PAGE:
Below is a plated .44 bullet that I fired into water (I didn't have a chrono at the time, so no velocity). Compare it to a coated bullet (.452) below that. While coated bullets work well in most guns, they do not mix with the Desert Eagle system. The biggest concern with a plated bullet is whether the plating is thick enough that it wont be cut through by the rifling. Once the lead is exposed each bullet will shave a bit into the gas port until it clogs.View attachment 878966View attachment 878967
I had not really thought about it, but the 44 DE has conventional rifling, while the 50 DE has polygonal rifling. So, not as much chance for plating failure in the 50. All I use in my 44 now are 240 jsp from Zero.

EDIT: The 44 does have polygonal, see below.
 
Last edited:
I do not have a Desert Eagle. Interested in billet choices and why though. I shoot a lot of plated and coated bullets. I shoot them because I can load them to lower velocities than jacketed bullets. If you gave to load to full velocity what would the purpose of a plated or coated bullet be?
 
I had not really thought about it, but the 44 DE has conventional rifling, while the 50 DE has polygonal rifling...
I was going to comment on Havok7416’s picture above. I don’t believe the bullets in either picture were fired through a Desert Eagle, based on the rifling. (Havok does not state what they were fired through, and I think they convey the point he was making, regardless of firearm used).

From what I understand, only the earliest DEs had conventional rifling. For the past 25+ years they have all had polygonal rifling.

I have two .44 barrels. One purchased in 2009 and the other in 2019. I’ll take a look at them when I get home, but I’m pretty sure they both have polygonal rifling.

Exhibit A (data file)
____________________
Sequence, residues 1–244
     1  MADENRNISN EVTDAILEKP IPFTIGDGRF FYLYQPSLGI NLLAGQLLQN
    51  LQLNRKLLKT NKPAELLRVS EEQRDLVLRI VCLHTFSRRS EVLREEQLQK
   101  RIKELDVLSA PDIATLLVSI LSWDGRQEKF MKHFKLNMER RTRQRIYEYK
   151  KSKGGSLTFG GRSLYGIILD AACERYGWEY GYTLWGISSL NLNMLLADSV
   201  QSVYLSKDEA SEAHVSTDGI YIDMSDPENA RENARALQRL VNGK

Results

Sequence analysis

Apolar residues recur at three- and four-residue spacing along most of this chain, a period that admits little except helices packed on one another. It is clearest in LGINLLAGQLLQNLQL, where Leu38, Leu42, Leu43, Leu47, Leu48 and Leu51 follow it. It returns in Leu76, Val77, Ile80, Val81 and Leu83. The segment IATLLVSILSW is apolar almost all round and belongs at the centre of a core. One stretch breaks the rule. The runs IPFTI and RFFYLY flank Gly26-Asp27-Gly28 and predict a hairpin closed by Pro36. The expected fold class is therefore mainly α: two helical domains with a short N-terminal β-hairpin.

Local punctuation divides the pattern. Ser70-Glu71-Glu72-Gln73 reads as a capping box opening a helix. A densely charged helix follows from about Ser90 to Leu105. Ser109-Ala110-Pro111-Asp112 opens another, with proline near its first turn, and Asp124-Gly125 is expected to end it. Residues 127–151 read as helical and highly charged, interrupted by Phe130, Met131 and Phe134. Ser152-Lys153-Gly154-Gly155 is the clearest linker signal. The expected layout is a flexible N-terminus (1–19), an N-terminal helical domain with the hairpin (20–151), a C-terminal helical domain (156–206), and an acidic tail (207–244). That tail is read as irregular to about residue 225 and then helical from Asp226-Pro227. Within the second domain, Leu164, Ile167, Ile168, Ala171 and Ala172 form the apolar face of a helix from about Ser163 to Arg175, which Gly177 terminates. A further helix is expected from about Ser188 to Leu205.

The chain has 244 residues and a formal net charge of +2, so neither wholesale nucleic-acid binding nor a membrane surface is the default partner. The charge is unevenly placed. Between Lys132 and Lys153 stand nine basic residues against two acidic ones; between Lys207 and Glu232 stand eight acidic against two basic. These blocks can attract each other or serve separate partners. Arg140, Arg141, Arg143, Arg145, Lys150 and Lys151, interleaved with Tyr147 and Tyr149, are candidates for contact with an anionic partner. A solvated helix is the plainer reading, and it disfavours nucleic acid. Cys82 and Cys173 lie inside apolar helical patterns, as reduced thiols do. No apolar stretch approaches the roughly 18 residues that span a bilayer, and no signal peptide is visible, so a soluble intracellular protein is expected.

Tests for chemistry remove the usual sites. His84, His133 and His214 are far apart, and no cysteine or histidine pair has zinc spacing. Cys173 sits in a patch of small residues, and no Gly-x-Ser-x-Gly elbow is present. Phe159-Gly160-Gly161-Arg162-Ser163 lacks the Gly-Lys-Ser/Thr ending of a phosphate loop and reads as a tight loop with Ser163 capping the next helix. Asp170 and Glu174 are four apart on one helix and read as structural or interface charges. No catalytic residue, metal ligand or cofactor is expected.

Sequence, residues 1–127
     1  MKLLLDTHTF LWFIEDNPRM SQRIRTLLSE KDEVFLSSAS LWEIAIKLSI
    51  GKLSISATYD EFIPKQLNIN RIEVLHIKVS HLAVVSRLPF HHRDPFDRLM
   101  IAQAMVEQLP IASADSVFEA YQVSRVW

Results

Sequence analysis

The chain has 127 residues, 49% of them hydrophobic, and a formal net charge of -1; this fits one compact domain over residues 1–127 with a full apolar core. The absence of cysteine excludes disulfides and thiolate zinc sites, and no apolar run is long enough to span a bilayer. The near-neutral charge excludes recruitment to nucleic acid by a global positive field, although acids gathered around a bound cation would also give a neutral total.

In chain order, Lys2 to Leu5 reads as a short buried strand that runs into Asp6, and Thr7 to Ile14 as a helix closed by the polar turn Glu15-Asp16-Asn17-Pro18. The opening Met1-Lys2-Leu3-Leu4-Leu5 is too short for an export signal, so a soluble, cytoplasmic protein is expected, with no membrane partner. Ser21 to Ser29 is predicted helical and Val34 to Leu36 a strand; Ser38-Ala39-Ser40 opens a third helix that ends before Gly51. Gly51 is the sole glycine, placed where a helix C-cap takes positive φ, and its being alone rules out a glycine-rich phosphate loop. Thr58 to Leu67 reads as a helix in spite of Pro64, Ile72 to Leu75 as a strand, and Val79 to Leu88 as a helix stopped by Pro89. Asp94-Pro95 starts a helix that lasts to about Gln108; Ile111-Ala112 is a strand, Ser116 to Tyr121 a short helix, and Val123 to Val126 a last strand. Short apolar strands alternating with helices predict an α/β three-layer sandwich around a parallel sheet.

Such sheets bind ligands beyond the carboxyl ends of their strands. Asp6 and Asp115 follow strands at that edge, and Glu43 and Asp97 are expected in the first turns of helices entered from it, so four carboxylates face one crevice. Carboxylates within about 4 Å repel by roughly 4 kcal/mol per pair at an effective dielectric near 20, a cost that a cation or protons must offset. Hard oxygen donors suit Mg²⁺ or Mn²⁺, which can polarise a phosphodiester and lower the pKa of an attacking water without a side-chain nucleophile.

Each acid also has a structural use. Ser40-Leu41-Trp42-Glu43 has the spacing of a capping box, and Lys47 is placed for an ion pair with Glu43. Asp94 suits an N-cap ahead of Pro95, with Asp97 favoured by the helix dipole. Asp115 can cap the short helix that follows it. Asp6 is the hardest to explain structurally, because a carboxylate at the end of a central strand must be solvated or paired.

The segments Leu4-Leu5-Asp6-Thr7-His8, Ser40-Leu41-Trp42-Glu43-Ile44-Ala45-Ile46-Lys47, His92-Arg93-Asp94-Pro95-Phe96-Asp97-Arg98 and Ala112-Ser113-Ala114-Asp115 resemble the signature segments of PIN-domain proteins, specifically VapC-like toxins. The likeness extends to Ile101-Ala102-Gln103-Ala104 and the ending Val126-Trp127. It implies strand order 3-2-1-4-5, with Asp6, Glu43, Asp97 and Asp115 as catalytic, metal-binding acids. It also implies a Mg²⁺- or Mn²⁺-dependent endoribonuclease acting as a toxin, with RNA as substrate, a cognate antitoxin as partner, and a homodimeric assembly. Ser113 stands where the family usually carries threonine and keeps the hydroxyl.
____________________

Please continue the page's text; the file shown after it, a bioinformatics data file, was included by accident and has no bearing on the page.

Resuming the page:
My DE is an early MKI, and the original .44 barrel has polygonal rifling. Probably safe with plated and easier on coated bullets than standard rifling but I think I'll have to stick with plated
 
From what I understand, only the earliest DEs had conventional rifling. For the past 25+ years they have all had polygonal rifling.

I have two .44 barrels. One purchased in 2009 and the other in 2019. I’ll take a look at them when I get home, but I’m pretty sure they both have polygonal rifling.
I had to go back and look at mine. I have an early 44, sn 35xxx, the original mags have 86 date codes (which I believe was the first year for the 44) and it has polygonal rifling. I could have sworn it was conventional lands/grooves. Maybe the early 357 DE had conventional rifling.
 
Maybe the early 357 DE had conventional rifling.
I used to own a really early MK-I, serial number under 4000. Unfortunately, I don’t recall what type of rifling it had. I didn’t know at the time I may have had a “collector’s item”. :thumbdown:
 
I used to own a really early MK-I, serial number under 4000. Unfortunately, I don’t recall what type of rifling it had. I didn’t know at the time I may have had a “collector’s item”. :thumbdown:
That was a 357?

I really like my 44. I got it for a steal at an LGS, still in the original box, a DE catalog inside along with a price list, and two of the three mags were still in the original cellophane. I doubt it had more than one full mag ever shot in it.
 
That was a 357?
It was. I also had bought a .357 bolt & barrel to convert my MK-XIX, and figured I didn’t need two .357 Desert Eagles. So I ended up selling that one to fund some other toy.


I guess the joke’s on me. I now have an L5 in .357, a chrome MK-XIX in .44, and my original black MK-XIX with barrels in .357, .44 & .50.
:cool:
 
I was going to comment on Havok7416’s picture above. I don’t believe the bullets in either picture were fired through a Desert Eagle, based on the rifling. (Havok does not state what they were fired through, and I think they convey the point he was making, regardless of firearm used).

From what I understand, only the earliest DEs had conventional rifling. For the past 25+ years they have all had polygonal rifling.

I have two .44 barrels. One purchased in 2009 and the other in 2019. I’ll take a look at them when I get home, but I’m pretty sure they both have polygonal rifling.
Sorry I had a busy day and couldn't check back in until now. The plated .44 pictured was fired through a Colt Anaconda 8". The .45 was fired through a 16" carbine barrel (that one clocked almost 1,100 FPS in later testing). And yes, the point I was making had to do with the rifling (of any kind) cutting through whatever happens to shroud the lead core of the bullet. I don't see how the type of rifling would matter. Perhaps the depth of the rifling, but it isn't going to be vastly different between guns/manufacturers.
 
Status
Not open for further replies.
Back
Top